Paint finishes for wood toys must be non-toxic and durable. If you are making homemade wooden toys there are many options available to beautifully finish them with colors. Here are some options for you to consider:
Acrylic Paint - Acrylic paint is a durable paint that has pigments suspended in an acrylic (or plastic) binder. If you are striving for all natural paints for your toys, please be aware that acrylic paints are plastic based and not natural. However, they come in a wide range of vibrant colors, are color fast, easy to apply and clean up and have no fumes. They can even be mixed with water to create a "wash" of paint, as in the tree example in the photo to the left, which shows the wood grain beneath.
Not all acrylic paint is created equally however! Not all acrylic paint is non-toxic or safe for toys either! Please read paint labels and look for the "AP Non-toxic" seal. Do NOT use paints without this seal. Some artist's paints have mercury, arsenic and cadmium in them for pigments and you absolutely do not want these ingredients on your toys.
Milk Paint - Milk paint is one of the few 100% natural paint finishes for wood. True milk paint uses a cow's milk protein (casein) as the binder. It is odorless when dry and completely biodegradable. It comes in a powder form that you mix with water. More water will create a wash effect showing the grain while less water will create a thick, opaque matte paint. Please be aware that some people are extremely allergic to dairy, including cow's milk casein and could potentially be allergic to milk paint.
Milk paint however does need to be sealed with something to protect it from water, otherwise it will spot. Above is a before and after photo of beeswax over milk paint. Using a natural sealer over the milk paint will result in a darkening and deepening of the paint color. It also results in a 100% natural toy! Here is more information on natural finishes for wood that you could use as a sealer over milk paint.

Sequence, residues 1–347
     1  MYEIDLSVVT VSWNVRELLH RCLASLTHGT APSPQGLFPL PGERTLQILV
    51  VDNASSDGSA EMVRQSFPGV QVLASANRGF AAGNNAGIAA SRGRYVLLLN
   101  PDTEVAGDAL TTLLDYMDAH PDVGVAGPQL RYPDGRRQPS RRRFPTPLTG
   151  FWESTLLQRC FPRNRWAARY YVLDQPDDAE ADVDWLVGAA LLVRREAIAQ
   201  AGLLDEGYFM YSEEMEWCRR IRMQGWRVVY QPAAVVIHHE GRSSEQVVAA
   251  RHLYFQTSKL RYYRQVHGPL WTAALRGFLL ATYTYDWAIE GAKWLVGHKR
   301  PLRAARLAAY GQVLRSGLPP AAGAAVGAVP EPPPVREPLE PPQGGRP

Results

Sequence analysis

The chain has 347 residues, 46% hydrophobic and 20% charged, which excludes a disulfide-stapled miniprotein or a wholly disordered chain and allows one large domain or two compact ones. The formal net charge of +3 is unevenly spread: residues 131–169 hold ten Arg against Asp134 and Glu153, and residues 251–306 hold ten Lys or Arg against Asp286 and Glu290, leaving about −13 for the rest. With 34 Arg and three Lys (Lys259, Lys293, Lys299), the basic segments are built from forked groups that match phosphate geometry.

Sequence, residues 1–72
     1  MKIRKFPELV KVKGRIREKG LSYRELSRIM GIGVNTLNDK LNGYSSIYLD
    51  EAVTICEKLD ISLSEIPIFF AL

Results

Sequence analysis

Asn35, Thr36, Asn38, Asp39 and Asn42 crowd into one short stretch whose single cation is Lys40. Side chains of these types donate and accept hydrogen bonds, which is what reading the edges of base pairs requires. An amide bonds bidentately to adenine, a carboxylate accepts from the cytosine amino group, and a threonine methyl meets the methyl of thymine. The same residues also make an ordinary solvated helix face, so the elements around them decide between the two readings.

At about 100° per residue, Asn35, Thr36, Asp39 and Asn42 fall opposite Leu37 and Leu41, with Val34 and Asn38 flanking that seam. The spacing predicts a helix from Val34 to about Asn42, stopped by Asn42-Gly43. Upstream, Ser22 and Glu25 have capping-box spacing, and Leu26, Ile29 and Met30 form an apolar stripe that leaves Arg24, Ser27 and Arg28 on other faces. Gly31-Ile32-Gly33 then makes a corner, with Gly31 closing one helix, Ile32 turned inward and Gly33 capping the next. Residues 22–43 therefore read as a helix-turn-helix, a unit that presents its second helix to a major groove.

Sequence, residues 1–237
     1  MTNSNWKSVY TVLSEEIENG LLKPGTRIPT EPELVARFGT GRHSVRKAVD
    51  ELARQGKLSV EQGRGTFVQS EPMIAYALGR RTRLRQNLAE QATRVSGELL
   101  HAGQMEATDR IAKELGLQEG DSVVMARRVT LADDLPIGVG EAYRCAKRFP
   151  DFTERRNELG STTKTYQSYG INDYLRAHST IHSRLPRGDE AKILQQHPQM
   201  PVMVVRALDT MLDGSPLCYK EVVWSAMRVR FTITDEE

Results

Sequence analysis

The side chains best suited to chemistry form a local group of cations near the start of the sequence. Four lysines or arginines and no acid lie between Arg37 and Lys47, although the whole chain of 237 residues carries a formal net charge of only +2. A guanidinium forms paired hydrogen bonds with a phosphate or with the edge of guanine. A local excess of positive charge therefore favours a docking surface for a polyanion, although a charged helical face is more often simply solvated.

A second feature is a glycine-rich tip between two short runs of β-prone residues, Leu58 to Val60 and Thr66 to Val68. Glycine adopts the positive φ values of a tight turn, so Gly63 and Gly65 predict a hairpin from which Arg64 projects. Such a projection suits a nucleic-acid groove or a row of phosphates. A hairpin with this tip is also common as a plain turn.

Watercolors - You can also paint wood with watercolor paint, which will leave a subtle wash of color, almost like a stain because the grain of the wood shows through. Watercolors use plant gums as a binder (unlike acrylic paint which is a plastic binder) and because of this the paint is forever watersolulable. The trick is to use enough that it absorbs into the wood, like a stain. Toys painted with watercolors should be sealed to keep them colorfast.
Just like acrylics, some watercolors are non-toxic and some are not safe for toys. Look at paint labels and only use those with the "AP Certified Non-toxic" label. The turtle image and design is ©Woodmouse Loves Wood. More woodmouse toys can be found on Etsy at Woodmouse Loves Wood.
Food Coloring - Several readers have emailed asking if you can use food coloring or even Kool-Aid as a wood stain. The hope is that since it is edible it is safe to use on toys. You can! I mixed a gel food coloring with a few drops of vinegar (vinegar is the acid that helps set the dye on natural fibers such as wood) and I also tried mixing powdered Kool-Aid with vinegar to create a paste. Kool-Aid leaves only a very faint stain (both purple and blue will look more grey) and it is harder to get vibrant colors.
I don't recommend using food coloring on your wooden toys because it stains. Everything. My hands were stained for two days. You have to sand the wood afterwards and wipe down with a cloth to remove excess color (very messy) and because there is no binder to hold the color on the wood will "bleed" color forever. As a test, a week later I rubbed the dry block on a white cloth and sure enough, it left a blue streak. Not exactly something you'd want laying around on your rug or on your child's toys.
You could of course seal the Kool-Aid or food coloring with a polyurethane varnish but that really defeats the purpose of using a "natural" and "non-toxic" finish on your toys. Don't be fooled by "water based" varnishes, they are not natural. You might as well use another type of paint! Enjoy choosing finishes for wood toys!
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